X-C running is no joke. In fact, it’s one of the most challenging events out there.

The sport isn’t just about the competition between you and other runners.  You also need to overcome mother nature as you make your way through slippery roads, steep hills, technical terrains, and everything in between.

All of these challenges conspire to constantly disrupt your rhythm and throw you off your footing much more than your typical race on a flat, predictable surface.

That’s why you’ll need specific cross-training training to make it through over the variety of surfaces unscathed.

Beginner Cross Country Running Tips

Now that you know a thing or two about XC running, the question is, how do you actually train for one?

Let’s find out.

How Train For Cross Country Running

As previously explained, typical XC running events range from 4 to 12 kilometers.

All these distances are primarily aerobic, meaning if you go off the gate too fast, you’ll run yourself into the ground in the latter portions of the race. Few things are as bad as being passed by runner after the next over the last part of a cross country event.

That’s why to run your cross country race, make sure you’ve enough endurance to run well over a distance of 6.2 miles. This is a key factor in cross-country success.

Additional Reading – Here’s the full guide to obstacle race course training.

 cross country running

Crush Hills

One of the most challenging aspects of cross country running is how much up and down is involved in the race.

Although the typical XC running events aren’t long, the constant up and down is involved in the race can be tricky.

That’s why simulating these conditions before the race will better prepare your body and mind for the event.

How? Quite simple –train on hills. Doing hill work—either hill sprints or uphill endurance running—is one of the best ways to get your body used to the changing pace of an XC running event.

Even if you hate hills, incline training is key to building country running specific speed, strength, and endurance.

Here’s a sample workout to try out.

Locate a hill of no more than 400 to 600 meters in length, preferably on a softer surface off the asphalt.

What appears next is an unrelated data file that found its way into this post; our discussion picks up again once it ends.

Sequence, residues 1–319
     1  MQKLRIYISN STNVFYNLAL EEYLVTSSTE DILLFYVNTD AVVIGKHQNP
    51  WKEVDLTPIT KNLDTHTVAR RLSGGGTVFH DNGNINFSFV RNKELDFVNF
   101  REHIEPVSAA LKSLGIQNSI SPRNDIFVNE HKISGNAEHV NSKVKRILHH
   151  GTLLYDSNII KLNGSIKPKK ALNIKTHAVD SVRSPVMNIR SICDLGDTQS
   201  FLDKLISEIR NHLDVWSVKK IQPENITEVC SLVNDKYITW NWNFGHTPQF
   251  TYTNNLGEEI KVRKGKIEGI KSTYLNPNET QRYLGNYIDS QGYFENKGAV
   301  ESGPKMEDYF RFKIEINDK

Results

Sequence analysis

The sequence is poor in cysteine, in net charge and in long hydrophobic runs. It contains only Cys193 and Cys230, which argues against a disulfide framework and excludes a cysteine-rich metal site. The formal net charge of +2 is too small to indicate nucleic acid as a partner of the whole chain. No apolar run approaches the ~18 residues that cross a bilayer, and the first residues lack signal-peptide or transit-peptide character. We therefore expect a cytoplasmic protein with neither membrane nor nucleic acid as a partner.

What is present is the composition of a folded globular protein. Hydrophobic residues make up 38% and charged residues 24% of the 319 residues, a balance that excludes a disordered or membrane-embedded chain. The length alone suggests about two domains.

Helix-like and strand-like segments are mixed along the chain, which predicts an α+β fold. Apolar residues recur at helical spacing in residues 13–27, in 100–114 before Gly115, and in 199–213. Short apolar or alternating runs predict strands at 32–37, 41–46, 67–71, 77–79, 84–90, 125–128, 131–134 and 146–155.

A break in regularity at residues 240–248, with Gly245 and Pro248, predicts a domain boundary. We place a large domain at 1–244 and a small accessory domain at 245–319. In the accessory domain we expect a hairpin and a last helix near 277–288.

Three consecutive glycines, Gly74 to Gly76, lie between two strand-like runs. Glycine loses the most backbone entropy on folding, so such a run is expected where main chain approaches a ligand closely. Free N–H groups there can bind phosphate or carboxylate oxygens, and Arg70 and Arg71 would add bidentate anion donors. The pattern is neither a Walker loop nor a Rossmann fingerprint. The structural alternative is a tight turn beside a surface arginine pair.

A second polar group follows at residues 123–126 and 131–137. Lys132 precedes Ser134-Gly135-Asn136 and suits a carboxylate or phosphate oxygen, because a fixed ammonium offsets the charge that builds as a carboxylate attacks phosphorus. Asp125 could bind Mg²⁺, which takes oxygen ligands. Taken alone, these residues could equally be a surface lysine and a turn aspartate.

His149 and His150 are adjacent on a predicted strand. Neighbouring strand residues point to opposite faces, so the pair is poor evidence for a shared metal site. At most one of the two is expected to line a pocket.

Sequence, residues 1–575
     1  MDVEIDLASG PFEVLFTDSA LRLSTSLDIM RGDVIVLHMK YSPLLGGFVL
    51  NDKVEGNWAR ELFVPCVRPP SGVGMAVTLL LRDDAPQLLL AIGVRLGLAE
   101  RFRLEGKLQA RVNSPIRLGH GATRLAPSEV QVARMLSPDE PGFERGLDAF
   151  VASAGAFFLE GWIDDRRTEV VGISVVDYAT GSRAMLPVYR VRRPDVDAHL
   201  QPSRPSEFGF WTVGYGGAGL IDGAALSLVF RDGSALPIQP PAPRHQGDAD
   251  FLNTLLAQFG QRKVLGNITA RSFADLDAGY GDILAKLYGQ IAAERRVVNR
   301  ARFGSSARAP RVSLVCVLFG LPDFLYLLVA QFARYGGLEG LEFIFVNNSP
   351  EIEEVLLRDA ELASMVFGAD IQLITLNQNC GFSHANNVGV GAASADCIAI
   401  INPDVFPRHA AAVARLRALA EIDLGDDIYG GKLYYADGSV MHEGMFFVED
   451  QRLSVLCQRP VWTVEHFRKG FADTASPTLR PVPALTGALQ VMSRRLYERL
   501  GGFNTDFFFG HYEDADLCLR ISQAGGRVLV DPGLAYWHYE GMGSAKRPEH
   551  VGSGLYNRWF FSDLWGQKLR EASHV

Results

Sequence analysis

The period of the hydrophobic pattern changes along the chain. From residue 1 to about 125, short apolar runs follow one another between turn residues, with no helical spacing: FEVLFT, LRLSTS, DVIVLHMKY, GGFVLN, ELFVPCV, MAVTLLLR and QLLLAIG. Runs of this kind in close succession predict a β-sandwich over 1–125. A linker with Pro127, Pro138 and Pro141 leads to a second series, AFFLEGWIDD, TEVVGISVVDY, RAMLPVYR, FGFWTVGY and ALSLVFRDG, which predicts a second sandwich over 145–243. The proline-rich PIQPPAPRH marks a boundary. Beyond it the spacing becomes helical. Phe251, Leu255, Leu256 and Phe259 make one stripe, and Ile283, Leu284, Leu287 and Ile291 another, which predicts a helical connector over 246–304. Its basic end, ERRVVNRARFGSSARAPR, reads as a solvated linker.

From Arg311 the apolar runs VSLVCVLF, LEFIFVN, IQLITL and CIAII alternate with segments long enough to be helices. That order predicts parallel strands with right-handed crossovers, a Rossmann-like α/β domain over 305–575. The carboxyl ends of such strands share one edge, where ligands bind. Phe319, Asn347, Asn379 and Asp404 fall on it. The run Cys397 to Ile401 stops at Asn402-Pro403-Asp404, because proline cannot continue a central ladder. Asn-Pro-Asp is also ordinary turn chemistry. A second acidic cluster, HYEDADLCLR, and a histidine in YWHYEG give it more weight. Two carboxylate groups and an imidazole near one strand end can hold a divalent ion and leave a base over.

Next, following a dynamic warm-up on a flat surface, run the uphill portion at a sustainable yet challenging effort, focusing on being fast and efficient, Then jog down for recovery.

Repeat for a minimum of 6 to 8 reps, depending on your fitness level and weekly mileage, then finish with a 10-minute slow jog.

For more on-hill training for runners, check my guide here.

You can also work on improving your form by doing agility ladder drills.

Your Running Shoes

To properly train for and run a cross-country race, make sure you have proper footwear.

Picking the proper pair is key to reduce your injury risk while subsequently improving your performance.

Runners who compete in X-C races usually used spiked shoes. These shoes are specifically designed to offer traction and grip on all sorts of surfaces and terrains.

What’s even better?

Get yourself a pair of proper X-C running shoes. These are designed to be more robust and versatile than track spikes and usually have better grip and traction.

I’d recommend visiting the nearest running store to get the needed shoes. You can also check out online shopping websites that also offer great cross-country running shoes.

Additional resource – How to choose running gloves

Cross Country Running Tips For For Beginners – Conclusion

Giving cross country running isn’t that hard. All you need is the right mindset, a reliable training plan, and the right gear. The rest is just details.

Please feel free to leave your comments and questions in the section below.

In the meantime, thank you for dropping by.

Keep training strong.

David D.